Unless you’re a fan of video games, particularly those of generations past, the term that inspires the title of Joe Carnahan’s latest action film, “Boss Level,” might be lost on you. That means you may not be familiar with the time spent playing a section of a video game over and over and over again (sometimes for hours on end), trying your damnedest to reach the final battle, only to be killed by the bad guy and forced to start once more at the beginning. Carnahan’s film, much like that feeling playing a side-scrolling video game from the past (“Contra,” “R-Type,” “Gradius,” and “Final Fight” are just several examples), is filled with action, repetition, and delightful mayhem. However, “Boss Level” has one thing those video games lack—Frank Grillo’s charisma. And it’s the star’s charm and overall presence on screen that turns what could have been a ho-hum, trope-filled murder-fest into an utterly enjoyable, surprisingly sweet action symphony.
“Boss Level” is an unabashed callback to the action films that used to be commonplace in the ‘80s and ‘90s. You have the charismatic, muscular lead that has to avenge some wrongdoing and save the day. But it goes one step further by introducing a time-loop plot device to the tried-and-true equation just to add a little spice to the macho, testosterone-packed dish. The film follows a retired special forces badass, Roy Pulver (Grillo), who finds himself stuck in a time-loop, repeating the same day dozens of times. What separates “Boss Level” from “Groundhog Day,” “Happy Death Day,” “Palm Springs,” and various other features that use a similar gimmick, is the fact that Roy’s repeated day consists of him outrunning and (hopefully) outgunning a cadre of colorful, (somewhat) silly assassins on his way to try to take on the big boss (Mel Gibson, who thankfully doesn’t have a ton of screen time).
While the story’s time-loop aspect might lead folks to roll their eyes, Carnahan uses the plot device to add some often hilarious gags to the film, usually consisting of the various ridiculous ways that Grillo’s character gets killed. Decapitation, explosions, harpoons-through-the-chest, and other gory, over-the-top demises often make the viewer simultaneously recoil and giggle with glee. In addition to the many, many deaths suffered by Roy Pulver (a great action name, by the way), the time-loop does offer a chance for “Boss Level” to explore other interesting threads, including some actual, honest to God character development, specifically with Roy’s estranged wife (Naomi Watts) and kid (Rio Grillo, Frank’s real-life son), that is sorely lacking from many of these sorts of flicks. Thankfully, Frank Grillo, who is no stranger to dramatic roles in addition to his action wheelhouse, has the acting chops to make these scenes believable and not hokey.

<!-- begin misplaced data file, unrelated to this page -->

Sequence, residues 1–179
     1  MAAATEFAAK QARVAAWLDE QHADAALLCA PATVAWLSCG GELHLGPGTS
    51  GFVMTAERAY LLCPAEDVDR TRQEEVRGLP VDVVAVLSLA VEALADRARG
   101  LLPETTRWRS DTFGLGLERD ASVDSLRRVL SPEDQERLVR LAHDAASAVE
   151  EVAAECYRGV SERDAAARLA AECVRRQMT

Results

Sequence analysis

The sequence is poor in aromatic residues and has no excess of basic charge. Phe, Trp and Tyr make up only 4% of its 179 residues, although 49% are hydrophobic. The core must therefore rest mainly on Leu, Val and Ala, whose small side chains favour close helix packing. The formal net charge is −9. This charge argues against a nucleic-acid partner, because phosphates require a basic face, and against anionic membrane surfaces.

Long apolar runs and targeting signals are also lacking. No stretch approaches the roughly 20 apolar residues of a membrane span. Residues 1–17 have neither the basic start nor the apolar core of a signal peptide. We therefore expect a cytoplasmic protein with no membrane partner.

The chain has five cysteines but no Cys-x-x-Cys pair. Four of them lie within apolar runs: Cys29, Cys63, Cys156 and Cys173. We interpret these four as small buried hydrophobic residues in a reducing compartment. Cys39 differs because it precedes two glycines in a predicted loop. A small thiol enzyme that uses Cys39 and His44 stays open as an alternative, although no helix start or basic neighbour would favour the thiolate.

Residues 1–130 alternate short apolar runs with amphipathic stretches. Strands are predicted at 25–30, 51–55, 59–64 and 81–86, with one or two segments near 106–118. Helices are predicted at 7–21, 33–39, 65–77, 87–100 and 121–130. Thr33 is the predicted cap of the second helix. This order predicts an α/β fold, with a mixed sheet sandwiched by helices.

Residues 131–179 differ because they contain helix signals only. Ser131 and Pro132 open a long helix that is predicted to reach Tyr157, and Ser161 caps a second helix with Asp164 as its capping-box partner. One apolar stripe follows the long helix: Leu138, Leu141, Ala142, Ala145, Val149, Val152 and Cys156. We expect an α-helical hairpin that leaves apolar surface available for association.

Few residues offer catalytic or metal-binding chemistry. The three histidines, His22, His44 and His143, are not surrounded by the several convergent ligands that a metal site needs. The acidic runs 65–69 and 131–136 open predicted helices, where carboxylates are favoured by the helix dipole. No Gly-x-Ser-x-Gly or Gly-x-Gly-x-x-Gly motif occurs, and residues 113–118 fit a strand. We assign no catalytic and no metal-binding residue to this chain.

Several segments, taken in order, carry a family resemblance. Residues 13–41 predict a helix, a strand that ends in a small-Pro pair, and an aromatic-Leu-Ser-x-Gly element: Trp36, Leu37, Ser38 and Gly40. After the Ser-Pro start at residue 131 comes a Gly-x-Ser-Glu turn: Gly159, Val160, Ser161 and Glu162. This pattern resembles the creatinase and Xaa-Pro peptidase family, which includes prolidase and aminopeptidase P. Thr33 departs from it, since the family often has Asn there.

But you don’t go into a Joe Carnahan-directed film starring Frank Grillo expecting anything less than mind-blowing action. And for the most part, “Boss Level” delivers that in spades, thanks to the lead actor, who executes much of his own stunt work and fighting. The action also benefits from the director’s obvious trust in his cast and crew, allowing for scenes to play out in long takes, without quick cuts, extreme close-ups, and other shortcuts. This is a far cry from the “action” in “Taken,” for example. In that film, Liam Neeson says he has a particular set of skills. In “Boss Level,” Frank Grillo and the other folks involved prove those skills. And though the various assassins and side characters don’t offer much outside of their own surface-level gimmicks (a little person that uses explosives, an Asian woman that uses a sword, etc.), it’s the fighting and stunt work that almost always carries the load and makes up for the fact that you’ll likely not remember the names of the people involved (well, except for the sword lady, for reasons explained in the film).
“Boss Level” isn’t without its faults, however. The time-loop explanation is convoluted and goes out of its way to explain itself with heaps of pseudo-science exposition. We’re here to watch Frank Grillo kill people in gruesomely entertaining ways, so keep the explanations to a minimum, please. Also, yes, most of the humor does end up making you laugh, but with a lot of action-comedies (“Deadpool” might be the closest comparison), when you’re attempting to land a bunch of one-liners and R-rated action gags, they’re not all going to work. And when the jokes miss the mark in “Boss Level,” they can sometimes make you cringe. (Looking at you, Ken Jeong.)
Make no mistake, “Boss Level” isn’t here to win Oscars or break the action film mold. Quite the opposite, in fact. This film proudly wears its intentions on its sleeve and is content with not having a whole lot on its mind. What Carnahan and Grillo are obviously attempting to do here is remind viewers that action films don’t need much more than a decent enough plot, well-choreographed and amusing fights, and a charismatic star to lead the way. You would think that’s an easily attainable goal on paper, but countless, forgettable action films that range from boring to downright atrocious prove otherwise. So, when something like “Boss Level” comes around, and clears the bar with the utmost of ease, it’s almost startling and worthy of praise.
Rejoice action fans, Frank Grillo is here to save the action genre, and “Boss Level” proves that he has the goods to perhaps do just that. [B]
“Boss Level” arrives on Hulu on March 5.